Burial Rites by Hannah Kent (2013 in Australia/2014 in USA) – We discovered this haunting tale of Iceland in Rhode Island at Island Books, and we are very glad we did. Ms. Kent does a superb job of taking the true stories of 1) Agnes, a woman convicted of murdering two men, of 2) the family who must house Agnes while she awaits her execution, of 3) Toti, the Reverend who must save Agnes’s soul, and combining them into a fabulous first novel.

While Beauty Slept by Elizabeth Blackwell (2014) – It is almost as if Gail Carson Levine created one of her fairy tale retellings for grown-ups.  In this novel, Ms. Blackwell tells the “true story” of Sleeping Beauty, with explanations of why she was lying in the tower when the Prince came, who exactly were Millicent and Flora, and why the king and queen feared spinning wheels.  It is truly a page-turning tale of family, secrets, and promises. Read it and enjoy losing yourself in an unique telling of a well-known tale.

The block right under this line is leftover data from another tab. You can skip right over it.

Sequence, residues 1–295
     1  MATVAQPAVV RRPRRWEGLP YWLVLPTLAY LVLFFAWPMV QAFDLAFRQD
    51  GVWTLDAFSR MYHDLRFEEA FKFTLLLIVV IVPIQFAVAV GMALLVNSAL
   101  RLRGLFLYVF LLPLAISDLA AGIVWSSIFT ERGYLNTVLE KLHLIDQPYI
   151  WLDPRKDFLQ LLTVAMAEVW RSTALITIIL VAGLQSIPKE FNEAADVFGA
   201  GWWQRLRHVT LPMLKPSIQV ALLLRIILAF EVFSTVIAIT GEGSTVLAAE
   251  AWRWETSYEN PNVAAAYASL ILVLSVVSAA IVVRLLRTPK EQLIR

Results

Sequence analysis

ADULT FICTION: FOR A MAN WHO HAS ENOUGH TECH, BUT NOT ENOUGH GOOD FICTION

The Purity of Vengeance by Jussi Adler-Olsen (Dec 2013)- The latest Department Q novel shows how the misfit threesome stuck in the bowels of the Copenhagen Police Department have melded into an effective cold-case solving unit, and a worthy family.

Midnight in Europe by Alan Furst (2014) – This book shows how a thriller becomes a powerful novel; it provides a superb author, a historical plot and intense situations with characters you care about. We especially liked the Spanish Civil War angle in this well-plotted tale.  Enjoy this one and then pick up one of Mr. Furst’s many other superb historical thrillers.

ADULT FICTION: FOR ANYONE LOOKING FOR A GREAT BOOK

A Constellation of Vital Phenomena by Anthony Marra (2013) – A truly, truly, truly amazing debut novel about the pain and suffering inflicted during the Chechen conflict(s) and the power of love. From the opening pages describing the abduction and disappearance of a man from his home (which is promptly burned to the ground). Mr. Marra connects the lives of eight unforgettable characters (e.g., the daughter of the abducted man, the father of a despised informant, a doctor trying to hold together a hospital with only three staff members) in unexpected ways. With incredible writing and gifted storytelling, this is a superb read. We can not praise it enough.